Sights to Inspire

After reading an article on fantasy stories last week that annoyed me, though I agreed with some of the points made (go here if you’re curious), I was going to write a post about that experience. But rather than vent my spleen, I decided to take a more positive tangent.

The other day while heading to a four-year-old’s birthday party (you may not believe how often I get invited to those), I caught a faint shimmer in the sky off to the west. A rainbow on a sunny winter afternoon. I had never seen one on a rainless day. But there it was. And there it remained, uncaptured by my phone’s camera, since I was driving at the time. But it reminded me of a rainbow I saw last month. This was yet another first for me: I saw almost the whole rainbow from west to east. A cloud covered the top part of it. I could only capture part of both sides (sorry that one is so faint):

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But I was at the right place at the right time to see both sides. Oddly enough both of my rainbow experiences occurred while I was in my car. At least for one instance—a rainy day last December—I had time to get out of my car twice to photograph.

Something as serendipitous as seeing a rainbow reminds me of what I love about fairy tales and other fantasy stories. Some of these aspects are what inspire me to write fantasy stories. (See, here’s that tangent I mentioned earlier.)

Dragon

You can’t read this blog for too long without knowing that I love Tolkien’s The Hobbit and The Lord of the Rings or the fact that my father used to read a book of Grimm’s Fairy Tales to me at bedtime. So I grew up feeling comforted by these familiar stories that took me to places where giants roamed and wily dragons hunted. They fueled my desire to see adventures unfurl around every corner. And when I eventually grew into a nerdy kid who was bullied by other kids at school, the desire to escape into a magical realm like Bastian Balthazar Bux does in The Neverending Story escalated.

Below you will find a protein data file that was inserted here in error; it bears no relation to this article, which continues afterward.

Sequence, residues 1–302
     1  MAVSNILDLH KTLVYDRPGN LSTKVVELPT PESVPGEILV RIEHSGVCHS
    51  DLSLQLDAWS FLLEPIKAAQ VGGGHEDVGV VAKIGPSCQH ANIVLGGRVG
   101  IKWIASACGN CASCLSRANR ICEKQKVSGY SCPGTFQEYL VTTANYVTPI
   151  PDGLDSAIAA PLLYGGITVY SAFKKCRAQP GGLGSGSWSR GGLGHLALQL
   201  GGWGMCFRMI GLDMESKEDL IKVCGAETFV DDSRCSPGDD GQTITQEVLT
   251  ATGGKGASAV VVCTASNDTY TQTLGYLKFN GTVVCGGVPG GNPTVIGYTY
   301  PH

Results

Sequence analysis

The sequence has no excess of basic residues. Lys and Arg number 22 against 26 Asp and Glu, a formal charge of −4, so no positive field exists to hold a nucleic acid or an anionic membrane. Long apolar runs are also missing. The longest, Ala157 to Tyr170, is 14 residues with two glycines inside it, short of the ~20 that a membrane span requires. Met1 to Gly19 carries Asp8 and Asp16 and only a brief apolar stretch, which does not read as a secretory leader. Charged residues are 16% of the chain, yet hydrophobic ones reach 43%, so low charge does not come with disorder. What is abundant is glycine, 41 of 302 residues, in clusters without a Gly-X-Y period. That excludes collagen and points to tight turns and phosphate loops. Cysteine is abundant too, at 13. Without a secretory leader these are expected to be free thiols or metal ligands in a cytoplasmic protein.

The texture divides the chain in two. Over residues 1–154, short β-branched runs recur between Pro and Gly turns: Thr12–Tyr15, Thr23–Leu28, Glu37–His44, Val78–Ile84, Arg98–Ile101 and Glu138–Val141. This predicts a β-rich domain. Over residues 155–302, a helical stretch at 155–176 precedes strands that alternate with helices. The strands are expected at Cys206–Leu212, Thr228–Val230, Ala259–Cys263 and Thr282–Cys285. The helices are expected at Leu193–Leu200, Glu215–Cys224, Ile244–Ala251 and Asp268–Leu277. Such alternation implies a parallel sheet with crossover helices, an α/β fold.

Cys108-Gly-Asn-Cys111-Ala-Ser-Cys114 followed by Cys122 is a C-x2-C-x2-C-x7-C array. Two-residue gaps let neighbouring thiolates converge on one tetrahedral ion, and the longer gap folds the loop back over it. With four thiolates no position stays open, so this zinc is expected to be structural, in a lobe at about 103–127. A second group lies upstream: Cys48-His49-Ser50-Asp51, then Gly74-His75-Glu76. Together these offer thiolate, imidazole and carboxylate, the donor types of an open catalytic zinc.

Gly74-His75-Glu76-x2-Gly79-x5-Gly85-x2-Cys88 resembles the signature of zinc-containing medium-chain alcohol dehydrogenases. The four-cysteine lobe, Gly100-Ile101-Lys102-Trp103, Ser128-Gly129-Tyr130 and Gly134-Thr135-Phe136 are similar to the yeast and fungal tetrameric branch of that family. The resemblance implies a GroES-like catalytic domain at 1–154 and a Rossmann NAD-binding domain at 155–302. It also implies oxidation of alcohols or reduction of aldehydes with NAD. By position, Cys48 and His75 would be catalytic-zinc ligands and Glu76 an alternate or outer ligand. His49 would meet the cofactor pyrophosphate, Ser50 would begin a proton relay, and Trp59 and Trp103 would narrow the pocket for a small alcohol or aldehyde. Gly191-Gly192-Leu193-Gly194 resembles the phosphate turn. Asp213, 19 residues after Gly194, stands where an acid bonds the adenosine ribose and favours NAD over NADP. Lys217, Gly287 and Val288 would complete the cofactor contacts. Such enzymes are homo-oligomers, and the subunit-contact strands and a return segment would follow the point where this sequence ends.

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Every book I read became my own private movie theater of the imagination and fueled my desire to write the kinds of stories into which kids could escape. The tales based on the mythology of myriad cultures (Welsh, Greek/Roman, African, Chinese, Japanese, Scandinavian) helped fuel the fire.

As a writer, I can only do my best to impart my vision as vividly as possible in order to come across in high definition on the screen of a reader’s imagination. That’s why I’m grateful for the flashes of inspiration that occasionally come my way. They’re like those glimpses I had of the rainbow the other day, which made a commonplace journey extraordinary. When I’m inspired, every sense is heightened, every moment fraught with possibility. (I’ll bet you’re thinking of Judy Garland singing “Somewhere Over the Rainbow” right about now.)

Judy Garland

Because of a pressing curriculum project recently and the holidays, I haven’t written much in the way of fiction in the last few weeks. But I hope to return to my story and the wonder to be had in a magical place somewhere over the rainbow.

What inspired you recently?

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This wolf howls because he’s not one of the three wolves on a T-shirt sold by Amazon.